On Friday, when I went to pick up my father’s monthly prescription of Namenda, for the first time, ever, I was unable to pay for his medication. A three month’s supply, from Walgreens is nearly $600. For a 30 day supply of the medication, it was about $120. Since the parents only had $120 in cash to spend until the 5th of November, and they do need to eat, I was unable to pay for it. Oh, I could have used a credit card, but I wasn’t sure about the balance, so I went into a panic. The bottom line is that he was without his Alzheimer’s medication. One of the reasons we pay so much, as consumers, is so that the big companies can make big bucks, with their politicians getting big bucks for the process of destroying us, financially. If my parents were alone in this situation, I could just say, well, that’s the breaks. But, they aren’t. Their situation is being repeated, a million fold, all over this country. Frankly, I don’t see how anyone but the wealthy can deal with this disease. When you realize how much medication, that isn’t generic yet, is costing, it is a financial disaster.
What does a family do?
No, It was wasn’t that much of a national emergency. BUT…. after being ripped off for several years, by Walgreens, over my mother’s cardiac medication, I was in no mood to argue. They were going to give him a 3 month’s supply – for nearly $600! No way, not after being scammed on one med. I wanted to find out if I could get a generic version of what he was taking, and how much other chains were charging.
Walgreens, like most chains, can’t be trusted all that much. I was reading, somewhere that they are doing about a 400% mark-up with their medications. The cardiac medication my mother was taking was being so grossly over-charged, her physician (with whom I don’t get along – I think he’s a you know what, but he saved her life, so …) agreed with me. He called the pharm and told them off.
The problem with medications for Alzheimer’s is that we just don’t know if it does any good, or not. From what I can tell, donepezil may be better. From what I can tell, Namenda may be more of a sedative than anything else. What Namenda does do is work with the Glutamate receptor in the brain, which is responsible for muscle tone. Anyone who works with Alzheimer’s patients knows that muscle tone is a very big deal.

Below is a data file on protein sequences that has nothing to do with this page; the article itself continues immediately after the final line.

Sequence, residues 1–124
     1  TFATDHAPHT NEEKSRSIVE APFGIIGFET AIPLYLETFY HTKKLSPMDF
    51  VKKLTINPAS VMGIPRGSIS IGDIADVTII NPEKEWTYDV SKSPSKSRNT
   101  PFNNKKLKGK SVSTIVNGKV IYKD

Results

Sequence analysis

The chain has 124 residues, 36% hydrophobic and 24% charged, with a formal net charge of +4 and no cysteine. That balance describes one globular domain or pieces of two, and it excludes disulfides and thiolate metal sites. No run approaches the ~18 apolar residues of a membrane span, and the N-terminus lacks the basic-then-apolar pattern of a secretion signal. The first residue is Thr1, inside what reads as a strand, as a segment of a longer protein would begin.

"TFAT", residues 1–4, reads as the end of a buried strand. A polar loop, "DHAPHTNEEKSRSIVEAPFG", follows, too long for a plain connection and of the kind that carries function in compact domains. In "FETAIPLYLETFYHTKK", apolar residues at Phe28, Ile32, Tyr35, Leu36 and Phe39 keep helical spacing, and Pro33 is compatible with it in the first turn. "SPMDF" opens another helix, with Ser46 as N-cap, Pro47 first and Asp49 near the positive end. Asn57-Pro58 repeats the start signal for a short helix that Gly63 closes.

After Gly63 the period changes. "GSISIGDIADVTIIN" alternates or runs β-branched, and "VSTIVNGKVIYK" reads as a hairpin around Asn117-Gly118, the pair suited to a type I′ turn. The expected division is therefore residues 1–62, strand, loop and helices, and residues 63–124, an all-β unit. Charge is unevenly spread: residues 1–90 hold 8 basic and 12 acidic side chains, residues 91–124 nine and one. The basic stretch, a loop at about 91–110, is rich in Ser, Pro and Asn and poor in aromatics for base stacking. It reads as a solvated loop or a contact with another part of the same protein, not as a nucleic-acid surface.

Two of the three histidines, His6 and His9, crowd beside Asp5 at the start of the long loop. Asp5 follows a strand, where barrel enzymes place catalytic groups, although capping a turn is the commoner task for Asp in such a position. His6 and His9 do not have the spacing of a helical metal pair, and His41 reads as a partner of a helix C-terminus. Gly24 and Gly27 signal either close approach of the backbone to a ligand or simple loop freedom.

The very first sign of someone on Alzheimer’s is spacial. A person in the early stages has difficulty getting up from a table. It is the earliest visible sign. Then comes movement, doing stairs, and walking up and down stairs in a strange way. Those of us watching things knows there is a connection between lack of sugar in the system and impairment. No matter how much medical research is done, they are still learning about the disease.
“...We all know about the medications available – there are the FDA approved medication treatments basically in two groups: the so-called cholinesterase inhibitors, such as Donepezil (Aricept), Galantamine (Reminyl, Razadyne), and Rivastigmine (Exelon). And then there are the “NMDA receptor antagonists,” of which there is one medication currently approved and on the market, Memantine (e.g., Namenda).
Basically all of these medications can help, but they are only treatments. Generally a patient who is helped but Aricept or Namenda can expect maybe 6 months where the progression of their dementia (as Alzheimers is a disease of progressive cognitive decline) is effectively halted. In rare cases some improvement in cognitive functioning can occur. However, these drugs all treat the symptom of the disease (e.g., the cognitive dysfunction) and they do not treat the underlying issue – the underlying brain damage that causes the cognitive deficits in the first place. Also, these drugs (like all drugs) have side effects….”
I’ve been online, looking for a generic for the medication. There is none, not yet (at least not in the US). Don’t worry, though, Forest Labs, which makes the product is doing very, very well, their profits way ahead of their projections with a 2nd quarter way ahead of projections. Not to worry, though, Namenda is not scheduled to go generic until 2015. By that time, my family will, unless a miracle happens, have lost everything to this damn disease. But, don’t feel sorry for Forest labs, their earnings (profits) on Namenda were twice what they had projected. Isn’t that special? In 2010, Namenda alone earned the company a $700 million profit. It’s much higher today.
Want to know what really makes me mad about this? Well, Forest Laboratories is one of the worst offenders in moving their profits off-shore, so they don’t need to pay taxes. They get away with ripping off the American taxpayer, so we’re basically giving them corporate welfare. Oh, but they’re making a profit and profit is the name of the game, screw the little person. Nothing matters but big corporates getting their fair share of our life’s blood. Never mind that, over the years, my parents have paid millions of dollars in taxes. But – they’re just little people, watching companies like Forest literally break them into nothing, so they can make a billion here and a billion there.
What is so fascinating is that, in the grand scheme of things, Forest Labs donates primarily to Democrats, and doesn’t give that much, at all. They donate primarily to NY Dems. They’re also in the cross-hairs for their offshore tax dodges.